ó With one credit card paid off and two more to go,
Bill Stiner was determined to stick with his plan of
total debt elimination after finishing a nine-week
course at his Pittsburgh church with other members of
the congregation who also had declared war on their
in class paid off debt," he said, referring to the
program. "But I didnít pay off all the debt. Iím
still in the middle of that."
long after the church program ended this summer, Stiner
was pleasantly surprised to find out that his employer
ó Aerotech ó had decided to offer the very same
course to its employees for no charge.
was one of the first employees in his workplace to sign
employers are starting to focus on the financial
well-being of workers. In addition to basic employee
benefits such as health care and life insurance,
financial wellness programs sponsored by companies are
helping more workers overcome personal financial
challenges, reduce their debt and prepare for
a global manufacturer of motion control components and
systems, is one of four companies in the Pittsburgh
region that are bringing financial education into the
workplace through a money management course created by
Nashville, Tenn.-based talk radio host Dave Ramsey
workplace financial education are also offered by
companies such as WiseWealth based in Liberty, Mo., and
FourSeasons Financial Education based in St. Louis.
Hamilton, vice president of SmartDollar, said 4,000
companies currently provide his companyís program to
about 2 million employees. Representatives from parent
company Ramsey Solutions declined to provide information
concerning how much it charges businesses for the
Solutions has for 25 years been offering a debt
elimination course called Financial Peace University
that is taught to groups of people in churches and
communities. Families pay $93 for the nine-week FPU
course held at churches and community centers. The FPU
course costs $129 online.
workplace program contains the same course material, but
it is designed for workers to access the program from
their personal computers at home. There is no religious
content in the SmartDollar version of the money
management plan, unlike the church version that touches
on Biblical principles.
Peace University is traditionally a gathering, or small
group of 10 to 20 families sitting together and holding
each other accountable, which is great, and thatís
been very effective in the church and community
space," Hamilton said.
doesnít work in the corporate world, he said.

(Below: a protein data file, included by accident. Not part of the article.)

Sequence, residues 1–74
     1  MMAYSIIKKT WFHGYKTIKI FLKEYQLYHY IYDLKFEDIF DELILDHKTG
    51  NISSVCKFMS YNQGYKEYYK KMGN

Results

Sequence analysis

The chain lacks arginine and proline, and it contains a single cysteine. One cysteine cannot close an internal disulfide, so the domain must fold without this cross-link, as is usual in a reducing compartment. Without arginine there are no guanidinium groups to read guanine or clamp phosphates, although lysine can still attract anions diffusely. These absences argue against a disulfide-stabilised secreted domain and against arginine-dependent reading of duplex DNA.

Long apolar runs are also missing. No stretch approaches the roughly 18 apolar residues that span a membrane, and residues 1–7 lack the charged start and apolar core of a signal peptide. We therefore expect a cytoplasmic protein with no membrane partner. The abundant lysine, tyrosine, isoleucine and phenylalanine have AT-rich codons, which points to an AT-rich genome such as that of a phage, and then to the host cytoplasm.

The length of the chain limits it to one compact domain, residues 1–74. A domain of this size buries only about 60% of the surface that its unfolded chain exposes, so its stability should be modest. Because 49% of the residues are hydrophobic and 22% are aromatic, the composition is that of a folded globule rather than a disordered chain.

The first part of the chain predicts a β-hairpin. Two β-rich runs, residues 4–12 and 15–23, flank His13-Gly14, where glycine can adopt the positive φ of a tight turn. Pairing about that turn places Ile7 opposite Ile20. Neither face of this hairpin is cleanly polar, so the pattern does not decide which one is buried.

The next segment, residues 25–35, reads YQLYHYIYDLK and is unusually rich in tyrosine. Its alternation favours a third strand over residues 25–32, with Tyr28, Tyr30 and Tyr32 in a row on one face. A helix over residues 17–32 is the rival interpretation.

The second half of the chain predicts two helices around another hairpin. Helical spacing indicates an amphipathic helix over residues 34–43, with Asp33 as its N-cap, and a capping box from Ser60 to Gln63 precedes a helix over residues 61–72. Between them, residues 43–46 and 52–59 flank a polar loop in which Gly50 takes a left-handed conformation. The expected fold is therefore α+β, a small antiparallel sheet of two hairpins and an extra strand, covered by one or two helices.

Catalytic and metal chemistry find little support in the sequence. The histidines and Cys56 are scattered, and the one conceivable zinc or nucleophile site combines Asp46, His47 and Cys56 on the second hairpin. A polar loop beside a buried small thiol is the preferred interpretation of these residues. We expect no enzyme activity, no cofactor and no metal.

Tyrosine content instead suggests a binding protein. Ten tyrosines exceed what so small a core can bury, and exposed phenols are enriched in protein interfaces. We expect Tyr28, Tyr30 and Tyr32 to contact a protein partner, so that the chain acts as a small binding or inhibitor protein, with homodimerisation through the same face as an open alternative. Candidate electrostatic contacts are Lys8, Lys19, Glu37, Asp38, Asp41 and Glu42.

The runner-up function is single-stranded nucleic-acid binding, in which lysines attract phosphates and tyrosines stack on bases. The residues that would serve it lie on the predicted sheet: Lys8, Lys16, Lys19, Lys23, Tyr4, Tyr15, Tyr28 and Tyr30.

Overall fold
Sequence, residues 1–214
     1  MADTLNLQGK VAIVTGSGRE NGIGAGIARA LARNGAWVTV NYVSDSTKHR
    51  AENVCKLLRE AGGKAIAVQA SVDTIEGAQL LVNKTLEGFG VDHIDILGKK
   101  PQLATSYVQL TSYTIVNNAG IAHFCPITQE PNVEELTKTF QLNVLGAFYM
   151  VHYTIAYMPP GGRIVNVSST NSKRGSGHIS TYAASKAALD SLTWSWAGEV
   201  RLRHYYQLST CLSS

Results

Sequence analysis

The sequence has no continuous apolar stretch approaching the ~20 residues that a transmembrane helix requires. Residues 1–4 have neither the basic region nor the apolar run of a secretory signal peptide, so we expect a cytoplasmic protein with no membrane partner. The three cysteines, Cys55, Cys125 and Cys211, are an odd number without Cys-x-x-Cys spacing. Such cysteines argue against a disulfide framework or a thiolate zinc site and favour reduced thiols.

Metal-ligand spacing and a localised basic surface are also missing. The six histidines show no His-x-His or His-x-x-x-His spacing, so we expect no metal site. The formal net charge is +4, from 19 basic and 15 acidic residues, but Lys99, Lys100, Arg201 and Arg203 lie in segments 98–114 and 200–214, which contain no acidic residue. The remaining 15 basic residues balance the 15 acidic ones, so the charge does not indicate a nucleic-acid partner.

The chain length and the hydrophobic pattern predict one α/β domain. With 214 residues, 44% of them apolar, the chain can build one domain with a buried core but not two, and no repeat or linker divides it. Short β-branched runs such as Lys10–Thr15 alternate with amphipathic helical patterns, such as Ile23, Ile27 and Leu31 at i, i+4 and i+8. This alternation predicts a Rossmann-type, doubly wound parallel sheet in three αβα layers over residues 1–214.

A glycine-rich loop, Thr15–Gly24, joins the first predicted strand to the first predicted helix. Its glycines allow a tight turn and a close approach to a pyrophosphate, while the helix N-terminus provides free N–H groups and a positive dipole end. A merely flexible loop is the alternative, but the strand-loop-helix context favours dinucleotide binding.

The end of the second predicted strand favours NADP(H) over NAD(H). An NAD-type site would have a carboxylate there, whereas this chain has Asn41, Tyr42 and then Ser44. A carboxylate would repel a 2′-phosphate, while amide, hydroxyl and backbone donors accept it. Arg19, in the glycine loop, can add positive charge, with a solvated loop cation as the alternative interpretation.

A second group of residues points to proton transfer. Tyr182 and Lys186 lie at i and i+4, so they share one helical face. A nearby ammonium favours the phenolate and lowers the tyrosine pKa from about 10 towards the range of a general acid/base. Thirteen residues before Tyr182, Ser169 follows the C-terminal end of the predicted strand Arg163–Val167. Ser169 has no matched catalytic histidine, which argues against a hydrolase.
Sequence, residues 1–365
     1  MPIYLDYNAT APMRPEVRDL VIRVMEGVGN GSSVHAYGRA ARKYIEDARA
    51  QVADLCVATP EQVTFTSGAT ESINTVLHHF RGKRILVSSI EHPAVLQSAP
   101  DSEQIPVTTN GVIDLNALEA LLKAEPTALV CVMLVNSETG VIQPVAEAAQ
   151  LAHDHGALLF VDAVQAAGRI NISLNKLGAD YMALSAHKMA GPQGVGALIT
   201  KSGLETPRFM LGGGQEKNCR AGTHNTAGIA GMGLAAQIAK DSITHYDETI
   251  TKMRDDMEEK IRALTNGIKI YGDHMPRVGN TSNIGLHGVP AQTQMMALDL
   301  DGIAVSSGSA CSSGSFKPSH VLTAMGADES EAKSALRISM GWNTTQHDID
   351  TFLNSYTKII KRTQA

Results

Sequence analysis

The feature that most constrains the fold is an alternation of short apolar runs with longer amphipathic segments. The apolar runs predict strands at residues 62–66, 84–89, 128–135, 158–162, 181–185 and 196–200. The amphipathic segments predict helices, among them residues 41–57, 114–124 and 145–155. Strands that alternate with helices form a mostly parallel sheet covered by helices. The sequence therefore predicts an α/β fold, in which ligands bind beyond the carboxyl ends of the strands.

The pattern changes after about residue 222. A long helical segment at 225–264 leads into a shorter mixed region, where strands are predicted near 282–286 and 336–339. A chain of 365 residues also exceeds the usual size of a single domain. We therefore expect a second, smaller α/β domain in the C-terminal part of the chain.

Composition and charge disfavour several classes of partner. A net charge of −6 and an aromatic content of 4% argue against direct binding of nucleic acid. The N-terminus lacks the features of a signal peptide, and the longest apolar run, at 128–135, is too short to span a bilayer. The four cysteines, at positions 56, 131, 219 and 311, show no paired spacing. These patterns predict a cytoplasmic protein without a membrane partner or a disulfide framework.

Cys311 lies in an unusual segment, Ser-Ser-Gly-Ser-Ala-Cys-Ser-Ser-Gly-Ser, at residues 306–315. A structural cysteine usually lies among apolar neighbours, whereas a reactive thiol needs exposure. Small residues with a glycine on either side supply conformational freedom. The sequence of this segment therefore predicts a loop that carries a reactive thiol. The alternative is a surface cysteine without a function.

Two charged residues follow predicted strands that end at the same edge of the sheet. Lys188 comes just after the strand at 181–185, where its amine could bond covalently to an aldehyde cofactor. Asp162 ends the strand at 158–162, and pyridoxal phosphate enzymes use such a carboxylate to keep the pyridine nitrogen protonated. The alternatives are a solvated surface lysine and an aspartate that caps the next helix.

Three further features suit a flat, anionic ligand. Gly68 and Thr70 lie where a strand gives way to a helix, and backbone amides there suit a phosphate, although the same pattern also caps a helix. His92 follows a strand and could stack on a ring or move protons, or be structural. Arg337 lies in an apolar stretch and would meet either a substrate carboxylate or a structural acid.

"Those employees donít want to sit around with
their co-workers and talk about their money
covered include saving, budgeting, eliminating debt,
investing, planning and retiring with dignity. The
online version allows users to import their bank
statements, keep track of their debt paydown and pull
information from investment accounts.
have access to the course for one year.
Stiner, 30, who works as a supervisor in an Aerotech
warehouse, the workplace program has reinforced progress
he made studying money management with groups at his
rents half a duplex for $1,200 a month. He recently paid
off his car ó a 2005 Toyota Prius with 260,000 miles
on it. And he has made a sizable dent in the $10,000 in
credit card debt he started with in 2015, paying off one
of three credit cards he ran up when he lost control of
said his five-year goals are to be married, living in a
home he owns, and be free of all credit card and other
budgeting work gives him a clearer picture of his
finances. "Whereas before, I was sort of scared of
my finances. I almost didnít want to check them
because I knew that I was always paycheck to paycheck,
and itís always tight."
employers are finding that companies have a stake in the
financial wellness of their employees.
resource departments spend valuable time dealing with
garnishments from unpaid credit card bills. Employees
may be distracted at work if they are getting calls
during work hours from collection agencies. Financially
stressed employees often produce less and call in sick
more. Employees under financial stress also may start
looking for a higher paying job to cover their expenses.
STORY CAN END HERE)
Botos, CEO of Aerotech, said his company offers a
benefits package that includes health care,
profit-sharing for all employees and most recently the
free financial wellness program.
which has about 400 employees worldwide and 315 workers
in the Pittsburgh plant, recently crossed the $100
million annual revenue threshold. The company was
founded in 1970 by Botosís father. He took the helm in
2009 when his father retired.
been here a long time," said Botos, 50. "I
worked here part-time in high school in the 1980s. So,
the years are starting to pile up. Iíve known a lot of
these people for decades. And that matters. We are only
successful because our employees help make us
waiting to see how the new program works and if it will
help employees. But heís pleased to be giving it a
try. "Itís another way of giving back and working
on employee retention and trying to be concerned about